Binge 20 Tribeca Shorts for Free on Meta Quest

The Tribeca Festival returns for 2022 this week with a massive selection of films, shorts, XR content and more, viewable online via desktop and virtual reality (VR) as well as physical events. For the first time, however, organisers have teamed up with Meta to showcase 20 Tribeca Shorts via Horizon Worlds for Meta Quest.

Skin & Bone
Amanda Seyfried in Skin & Bone. Image credit: Tribeca Festival

First reported by Variety, the selection of 20 short films will be shown in the new Venues section of the Horizon Worlds metaverse beginning this Friday, 10th June. Running for five days, each day will have a new selection so you’ll have to pop back to watch them all. Notable additions include Skin & Bone, a 17-minute horror starring Amanda Seyfried (Mamma Mia!, Chloe), directed and written by Eli Powers (Holy Moses).

“At Tribeca we always explore new ways of storytelling, so we are thrilled to partner with Meta and create our first shorts program to play in VR,” said Ben Thompson, head shorts programmer for Tribeca. “We have curated a range of Tribeca Festival films including out-of-this-world science fiction and impactful documentaries that will excite and inspire audiences in this new storytelling frontier.”

Oculus Venues used to be a separate app but last month Meta announced it would be merged with Horizon Worlds as the company builds its metaverse vision. Venues shuttered yesterday which means the only way to watch the Tribeca Shorts in VR is in North America, as Horizon Worlds is region locked currently. For everyone else, the shorts can be viewed via Tribeca’s Facebook page.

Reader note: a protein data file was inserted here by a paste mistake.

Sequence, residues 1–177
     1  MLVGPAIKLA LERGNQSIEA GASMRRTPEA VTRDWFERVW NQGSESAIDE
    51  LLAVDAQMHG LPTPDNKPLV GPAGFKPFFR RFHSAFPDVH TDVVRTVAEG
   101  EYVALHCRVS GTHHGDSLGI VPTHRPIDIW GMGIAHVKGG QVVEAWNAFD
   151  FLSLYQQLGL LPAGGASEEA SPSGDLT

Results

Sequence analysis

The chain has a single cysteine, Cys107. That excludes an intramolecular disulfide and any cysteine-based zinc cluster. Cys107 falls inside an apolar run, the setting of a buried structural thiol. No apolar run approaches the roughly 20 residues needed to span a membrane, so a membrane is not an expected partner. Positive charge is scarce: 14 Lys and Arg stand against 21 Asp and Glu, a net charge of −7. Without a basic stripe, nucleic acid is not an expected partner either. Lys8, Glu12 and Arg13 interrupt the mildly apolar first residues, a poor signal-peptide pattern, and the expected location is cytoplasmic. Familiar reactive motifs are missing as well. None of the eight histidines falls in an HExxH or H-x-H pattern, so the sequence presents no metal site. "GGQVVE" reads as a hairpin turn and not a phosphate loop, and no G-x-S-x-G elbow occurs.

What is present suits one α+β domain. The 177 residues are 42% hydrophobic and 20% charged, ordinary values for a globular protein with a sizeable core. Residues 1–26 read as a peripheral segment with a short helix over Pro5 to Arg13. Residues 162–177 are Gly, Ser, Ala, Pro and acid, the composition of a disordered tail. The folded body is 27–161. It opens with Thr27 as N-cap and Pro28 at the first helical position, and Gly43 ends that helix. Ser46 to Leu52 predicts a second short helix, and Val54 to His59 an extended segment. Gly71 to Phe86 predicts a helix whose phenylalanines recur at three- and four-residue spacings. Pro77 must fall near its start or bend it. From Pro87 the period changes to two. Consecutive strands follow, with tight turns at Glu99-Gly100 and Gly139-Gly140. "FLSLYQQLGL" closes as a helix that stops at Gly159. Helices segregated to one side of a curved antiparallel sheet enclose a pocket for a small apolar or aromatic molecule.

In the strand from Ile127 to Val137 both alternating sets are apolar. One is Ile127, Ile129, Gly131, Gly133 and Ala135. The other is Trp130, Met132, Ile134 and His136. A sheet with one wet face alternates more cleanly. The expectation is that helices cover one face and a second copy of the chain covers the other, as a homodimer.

Horizon Venues

Tribeca Shorts 2022 in Horizon Venues

  • 10th June
    • Echoes in the Arctic (2021)
    • Queen of Basketball (2021)
    • Sixth of June (2021)
  • 11th June
    • Carementis (2021)
    • Gets Good Light (2021)
    • TOTO (2021)
    • Abducted (2021)
  • 12th June
    • Kapaemahu (2021)
    • Miss Panama (2021)
    • Umbrella (2021)
    • Magnolia Bloom (2021)
  • 13th June
    • Six Nights (2021)
    • VERA (2021)
    • Black Ghost Sun (2021)
    • Night Ride (2022)
  • 14th June
    • Peggy (2019)
    • The Originals (2022)
    • There Are Bunnies on Fire in the Forest (2021)
    • Girls Night In (2022)
    • Skin & Bone (2022)

Apart from the shorts, you can also enjoy Tribeca Immersive content programming through The Museu of Other Realities.

As you may have spotted, the festival has now dropped the “Film” part of its name because over the years it’s become so much more. Alongside the staple film selection, there are immersive experiences, videogames, and podcasts to enjoy. Tribeca Festival is both online and in-person in New York City, running from 8th-19th June 2022. For further updates keep reading gmw3.

Tribeca Immersive Returns in June With 20+ XR Works

Film festivals have become important events for immersive artists to showcase their latest works and soon it’ll be time once again for Tribeca Immersive. Today, the festival has unveiled its official selection, with immersive works from around the world utilising virtual reality (VR), augmented reality (AR) and audience participation.

Green Eyed Monster